How has the covid-19 pandemic impacted on children?
by Dr Caroline Hart, School of Education at the University of Sheffield
‘It’s important to remain hopeful and to create spaces for dialogue about how we not only help children to survive and recover from the Covid-19 pandemic but also how we engage them in meaningful dialogue, decision-making and action regarding their futures and those of generations to come.’
In England, the experience of the Covid-19 pandemic has created an opportunity for us to develop greater resilience, self-reliance and self-regulation. It’s also been an opportunity to engage with the local community in ways that might not otherwise have happened, like helping neighbours with shopping and having doorstep conversations.
For some children, the opportunity to have a break from school and to spend extended periods with their families has been enriching and enjoyable, a special time that has strengthened family bonds and relationships (Children’s Society, 2020). Some children have learned new skills, like cooking, gardening, outdoor activities and observing and enjoying nature.
But these opportunities haven’t been equal, with many children experiencing more negative effects than positive (Institute of Fiscal Studies, 2020). Sadly, many children in England live in environments where they do not feel safe and, during the height of the first wave of the pandemic, had very limited access to support services. Many children have witnessed their parents lose jobs or experience stresses related to the economic impacts of Covid-19, with far greater reliance on food banks and charity support than usual (Trussell Trust, 2020).
In my work in the School of Education, I often work with Nussbaum’s list of Central Human Capabilities. The list highlights ten capabilities she deems necessary for a ‘dignified human life’ (Nussbaum, 2000). Her list offers a useful starting point for considering some of the ways in which children’s capabilities may be impacted by the experience of the Covid-19 pandemic.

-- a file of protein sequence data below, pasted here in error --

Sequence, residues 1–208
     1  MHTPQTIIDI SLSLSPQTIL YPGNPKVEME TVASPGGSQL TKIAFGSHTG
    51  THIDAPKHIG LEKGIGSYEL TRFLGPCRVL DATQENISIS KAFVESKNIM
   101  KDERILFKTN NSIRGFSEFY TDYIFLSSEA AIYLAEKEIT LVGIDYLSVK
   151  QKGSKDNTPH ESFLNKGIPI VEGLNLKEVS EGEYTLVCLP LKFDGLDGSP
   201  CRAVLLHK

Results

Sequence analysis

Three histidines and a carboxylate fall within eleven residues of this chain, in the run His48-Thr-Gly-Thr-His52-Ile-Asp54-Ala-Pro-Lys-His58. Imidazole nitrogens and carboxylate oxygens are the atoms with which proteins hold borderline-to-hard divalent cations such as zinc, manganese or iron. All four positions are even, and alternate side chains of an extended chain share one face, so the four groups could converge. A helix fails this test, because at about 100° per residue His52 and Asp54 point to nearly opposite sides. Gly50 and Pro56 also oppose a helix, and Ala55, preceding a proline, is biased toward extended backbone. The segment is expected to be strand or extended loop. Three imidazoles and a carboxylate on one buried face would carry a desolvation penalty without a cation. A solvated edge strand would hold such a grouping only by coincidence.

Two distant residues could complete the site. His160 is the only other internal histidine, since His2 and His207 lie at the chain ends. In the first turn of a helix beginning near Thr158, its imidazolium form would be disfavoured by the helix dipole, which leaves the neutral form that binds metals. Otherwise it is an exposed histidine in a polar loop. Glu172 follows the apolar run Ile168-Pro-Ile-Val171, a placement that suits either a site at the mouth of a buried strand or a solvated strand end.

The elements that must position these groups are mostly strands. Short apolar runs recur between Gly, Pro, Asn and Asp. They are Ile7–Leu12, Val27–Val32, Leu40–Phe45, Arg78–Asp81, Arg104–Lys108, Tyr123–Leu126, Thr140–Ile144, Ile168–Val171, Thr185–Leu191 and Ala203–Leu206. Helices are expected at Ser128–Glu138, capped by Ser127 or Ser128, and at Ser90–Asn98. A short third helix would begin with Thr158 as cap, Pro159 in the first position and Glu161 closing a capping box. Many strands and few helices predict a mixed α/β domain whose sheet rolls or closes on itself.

Life and Suffering loss
The capability for life is the first capability on Nussbaum’s list. While it’s less likely that children will die from Covid-19, it’s more likely that many will lose parents, grandparents or or members of their communities. Children are socially, emotionally and physically dependent on adults so by extension when their guardians’ capabilities are threatened, so are theirs.
Children are more likely to experience reduced nourishment, a particular issue highlighted by children’s charities in England during the lockdown periods. With the growth of the Covid-19 pandemic, the Trussell Trust reported ‘an immediate and sustained surge in need’ for food banks, with 1.2 million food parcels given out between 1 April and 30 September 2020. That’s 2600 food parcels given to children every day of the first six months of the pandemic, and was described as ‘just the tip of the iceberg’ (Trussel Trust, 2020).
Attention has also been drawn to the vulnerability of many children to increased episodes of domestic violence and child abuse, and other forms of threat and exploitation. Even before the pandemic, the Children’s Society had highlighted concerns that the safeguarding system was ‘overstretched and overwhelmed’ and ‘unable to meet the growing safeguarding pressures’ with over 50,000 children subject to a child protection plan and around 400,000 individuals identified as ‘children in need’, requiring support to safeguard or promote their welfare (Children’s society et al., 2020:2).